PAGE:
providing lunches or dinners seven days
a week.
The food is not inexpensive by local
standards, and upon request, a Chinese
driver will deliver meals by van to offices
sions. Although we celebrate these
and homes even at some distance from
opportunities for unity of the whole
the Shanghai Jewish Center.
Jewish community of Beijing, I'm afraid
While most of Shanghai's historical
there will always be issues of belief and
synagogues have been demolished, two
practice on which we differ."
remain. Ohel Moishe, the most promi-
The two congregations each drew a
nent Askenazic synagogue in the Jewish
share of the community on Rosh
ghetto during World War II, is now a
Hashanah.
museum.
Kehillat Beijing drew a smaller-than-
Ohel Rachel, similar in architecture to
usual crowd of approximately 100 wor-
many Sephardic synagogues throughout
shipers, while Freundlich reports that
south Asia, is being lovingly preserved
about 150 attended services held at an
by the community, which opens up the
expanded venue, the Sheraton Hotel,
house of worship on special occasions.
which catered kosher food for the third
Last week, it was opened for the dedica-
consecutive year.
tion of a new Torah, held amid great fes-
Some 130 Israelis remained apart
tivity and to the strains of Jewish
from the community, as the newly con-
melodies performed by Chinese musi-
structed Israeli Embassy hosted a Rosh
cians from Nanjing, under the direction
Hashanah dinner, without services, on
of an American Jewish bandleader who
Friday night.
once played with Shlomo Carlebach.
The new preschool is also a unifying
The building itself, centrally located
force. Children ages 3-6 play and learn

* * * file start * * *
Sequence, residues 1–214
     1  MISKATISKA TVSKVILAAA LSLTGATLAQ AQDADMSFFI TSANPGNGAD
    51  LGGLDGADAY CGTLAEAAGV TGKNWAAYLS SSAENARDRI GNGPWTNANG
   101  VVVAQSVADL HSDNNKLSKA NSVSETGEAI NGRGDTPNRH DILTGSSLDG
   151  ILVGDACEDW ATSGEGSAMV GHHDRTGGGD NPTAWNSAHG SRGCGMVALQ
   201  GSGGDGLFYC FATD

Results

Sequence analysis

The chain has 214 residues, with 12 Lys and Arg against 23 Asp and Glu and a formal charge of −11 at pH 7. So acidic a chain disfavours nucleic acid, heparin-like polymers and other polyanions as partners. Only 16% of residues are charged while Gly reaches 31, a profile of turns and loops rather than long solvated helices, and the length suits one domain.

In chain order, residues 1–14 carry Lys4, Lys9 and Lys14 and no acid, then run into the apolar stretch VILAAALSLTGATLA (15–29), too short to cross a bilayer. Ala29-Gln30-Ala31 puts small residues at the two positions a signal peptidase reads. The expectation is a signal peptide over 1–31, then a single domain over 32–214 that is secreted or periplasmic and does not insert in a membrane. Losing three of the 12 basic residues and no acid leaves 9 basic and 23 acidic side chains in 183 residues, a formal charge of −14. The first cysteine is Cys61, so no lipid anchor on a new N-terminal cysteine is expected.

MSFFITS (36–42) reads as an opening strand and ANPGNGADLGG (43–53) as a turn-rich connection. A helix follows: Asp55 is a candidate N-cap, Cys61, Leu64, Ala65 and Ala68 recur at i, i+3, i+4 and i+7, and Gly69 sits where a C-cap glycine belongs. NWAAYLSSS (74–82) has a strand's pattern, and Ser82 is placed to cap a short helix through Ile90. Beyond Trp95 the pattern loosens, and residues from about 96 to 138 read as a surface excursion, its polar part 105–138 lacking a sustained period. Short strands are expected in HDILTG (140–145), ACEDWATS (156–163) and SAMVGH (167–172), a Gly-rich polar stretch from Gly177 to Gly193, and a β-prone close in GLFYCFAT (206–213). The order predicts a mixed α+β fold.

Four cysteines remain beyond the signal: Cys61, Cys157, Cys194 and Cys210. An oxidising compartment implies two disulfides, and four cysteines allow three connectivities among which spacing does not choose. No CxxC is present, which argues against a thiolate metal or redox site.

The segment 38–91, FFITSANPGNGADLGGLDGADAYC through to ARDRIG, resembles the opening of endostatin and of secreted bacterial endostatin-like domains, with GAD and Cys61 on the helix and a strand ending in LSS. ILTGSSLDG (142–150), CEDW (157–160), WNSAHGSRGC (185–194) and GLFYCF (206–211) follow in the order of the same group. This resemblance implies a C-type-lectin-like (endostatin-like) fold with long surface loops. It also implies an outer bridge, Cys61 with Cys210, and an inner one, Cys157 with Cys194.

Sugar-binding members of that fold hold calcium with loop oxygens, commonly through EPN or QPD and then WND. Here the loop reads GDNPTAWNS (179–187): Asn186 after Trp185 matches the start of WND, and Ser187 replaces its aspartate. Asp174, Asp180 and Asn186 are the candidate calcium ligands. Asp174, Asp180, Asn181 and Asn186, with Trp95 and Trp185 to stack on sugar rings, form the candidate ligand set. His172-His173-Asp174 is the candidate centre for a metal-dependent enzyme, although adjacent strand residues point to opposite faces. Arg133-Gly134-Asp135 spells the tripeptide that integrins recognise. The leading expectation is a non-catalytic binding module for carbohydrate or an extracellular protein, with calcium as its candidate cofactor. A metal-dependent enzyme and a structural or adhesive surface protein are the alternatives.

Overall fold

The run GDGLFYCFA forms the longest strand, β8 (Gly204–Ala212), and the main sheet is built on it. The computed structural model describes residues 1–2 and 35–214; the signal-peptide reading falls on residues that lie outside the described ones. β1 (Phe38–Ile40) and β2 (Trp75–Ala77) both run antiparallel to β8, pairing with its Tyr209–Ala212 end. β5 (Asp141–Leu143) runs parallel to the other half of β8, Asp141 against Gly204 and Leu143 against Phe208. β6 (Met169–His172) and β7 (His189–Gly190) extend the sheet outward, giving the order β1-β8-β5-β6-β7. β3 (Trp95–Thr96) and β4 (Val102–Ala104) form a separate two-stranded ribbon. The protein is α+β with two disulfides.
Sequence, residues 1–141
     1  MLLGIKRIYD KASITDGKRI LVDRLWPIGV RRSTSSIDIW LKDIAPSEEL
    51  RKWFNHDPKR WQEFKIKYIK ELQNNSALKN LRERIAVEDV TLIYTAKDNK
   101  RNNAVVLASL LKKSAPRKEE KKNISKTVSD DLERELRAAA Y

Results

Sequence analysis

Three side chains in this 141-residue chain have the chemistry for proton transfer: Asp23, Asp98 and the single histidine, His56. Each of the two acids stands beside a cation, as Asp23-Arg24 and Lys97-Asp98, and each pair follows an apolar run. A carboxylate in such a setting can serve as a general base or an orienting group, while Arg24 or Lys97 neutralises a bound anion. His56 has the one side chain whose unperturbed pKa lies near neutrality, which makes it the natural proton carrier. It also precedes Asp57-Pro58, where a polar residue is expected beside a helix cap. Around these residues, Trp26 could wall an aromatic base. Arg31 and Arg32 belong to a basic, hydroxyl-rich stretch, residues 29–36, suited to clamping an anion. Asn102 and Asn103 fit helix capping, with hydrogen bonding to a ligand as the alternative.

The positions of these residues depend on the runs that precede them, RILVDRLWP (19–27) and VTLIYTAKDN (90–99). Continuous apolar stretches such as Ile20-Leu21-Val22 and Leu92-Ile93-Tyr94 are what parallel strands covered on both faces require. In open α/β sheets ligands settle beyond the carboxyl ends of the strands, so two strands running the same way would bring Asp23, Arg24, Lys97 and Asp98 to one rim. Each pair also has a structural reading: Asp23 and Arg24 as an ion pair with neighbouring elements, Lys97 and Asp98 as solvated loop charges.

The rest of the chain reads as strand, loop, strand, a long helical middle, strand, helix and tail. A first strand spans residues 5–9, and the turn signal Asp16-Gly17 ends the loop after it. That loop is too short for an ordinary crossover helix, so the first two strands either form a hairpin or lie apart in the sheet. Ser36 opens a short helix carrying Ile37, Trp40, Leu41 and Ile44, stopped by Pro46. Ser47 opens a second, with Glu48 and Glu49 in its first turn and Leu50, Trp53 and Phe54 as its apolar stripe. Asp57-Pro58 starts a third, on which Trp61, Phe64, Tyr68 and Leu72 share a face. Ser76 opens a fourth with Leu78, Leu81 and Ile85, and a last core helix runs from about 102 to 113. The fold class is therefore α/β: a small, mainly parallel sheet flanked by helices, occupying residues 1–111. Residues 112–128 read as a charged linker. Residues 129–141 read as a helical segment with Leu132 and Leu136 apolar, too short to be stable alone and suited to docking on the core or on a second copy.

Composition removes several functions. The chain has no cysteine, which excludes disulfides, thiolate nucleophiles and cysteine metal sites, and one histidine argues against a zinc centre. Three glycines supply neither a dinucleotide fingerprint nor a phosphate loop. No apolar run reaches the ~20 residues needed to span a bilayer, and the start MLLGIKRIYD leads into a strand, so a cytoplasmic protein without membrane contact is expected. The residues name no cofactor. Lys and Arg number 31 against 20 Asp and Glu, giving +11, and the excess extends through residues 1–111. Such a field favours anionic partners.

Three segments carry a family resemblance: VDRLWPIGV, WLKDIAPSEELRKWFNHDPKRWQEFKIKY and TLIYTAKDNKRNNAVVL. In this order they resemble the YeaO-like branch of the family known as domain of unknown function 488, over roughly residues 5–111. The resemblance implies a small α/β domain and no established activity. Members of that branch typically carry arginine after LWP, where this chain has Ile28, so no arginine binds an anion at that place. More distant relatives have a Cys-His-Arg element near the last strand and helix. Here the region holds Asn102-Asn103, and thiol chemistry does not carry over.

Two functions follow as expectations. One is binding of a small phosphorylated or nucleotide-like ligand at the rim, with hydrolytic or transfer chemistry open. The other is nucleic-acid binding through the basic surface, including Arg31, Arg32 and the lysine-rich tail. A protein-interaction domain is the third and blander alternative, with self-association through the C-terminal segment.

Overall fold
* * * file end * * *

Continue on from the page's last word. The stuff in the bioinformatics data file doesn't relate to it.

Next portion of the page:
closer to downtown, is in such dire need
together in the school, called Ganeinu
of repair that the World Monuments
— Hebrew for "our kindergarten."
Fund, a nonprofit group that preserves
monument sites worldwide, included
the synagogue on its recently published
First In The World
endangered structures list.
Moreover, Freundlich and Lipson are
Greenberg told JTA he was pleased
contemplating the rental or purchase of
the international community had rec-
a large house that could be converted
ognized the needs of Ohel Rachel.
into what they say would be the first
"We hope the magnificent synagogue
Jewish community center in the world
can be restored to its original beauty,
sponsored jointly by Chabad and a lib-
and most important, to its original pur-
eral congregation.
pose: to be used as an active and thriv-
Meanwhile, 650 miles to the south,
ing Jewish center for Jewish people cur-
Chabad is the only game in town for the rently in Shanghai."
Jewish community in Shanghai, the

Shanghai and Beijing Jews
marked historic milestones
lust before the Holidays.

In Rabbi's Home

Chabad, which is active in Asia, came to
its newest outpost in Beijing in 2001.
Led by Rabbi Shimon Freundlich and
his wife, Dini, formerly of Chabad
Hong Kong, the Orthodox Chasidic
synagogue operates out of the rabbi's
home.
After every Shabbat and holiday serv-
ice, the large living room is swiftly trans-
formed into a dining room, where strict-
ly kosher multicourse meals are served.
The rabbi says that two or three times
a year, he brings a shochet, or ritual
slaughterer, from Australia and a
Western-style butcher from Beijing to
Inner Mongolia, where they slaughter
cows and chickens to provide kosher
meat for the communities of Beijing and
Shanghai.
"I prefer this method to Hong Kong's
importation of frozen kosher meat from
Australia," Freundlich says. "I want
Beijing to be as self-supporting a Jewish
community as possible."
Freundlich says Chabad has come to
Beijing not to displace the liberal Jewish
community, but to complement it.
"We are here to pray together as one
unified community," Freundlich
declared at tashlich services celebrated
jointly by both congregations on the
afternoon of the second day of Rosh
Hashanah.
It was an inclusive gathering as men,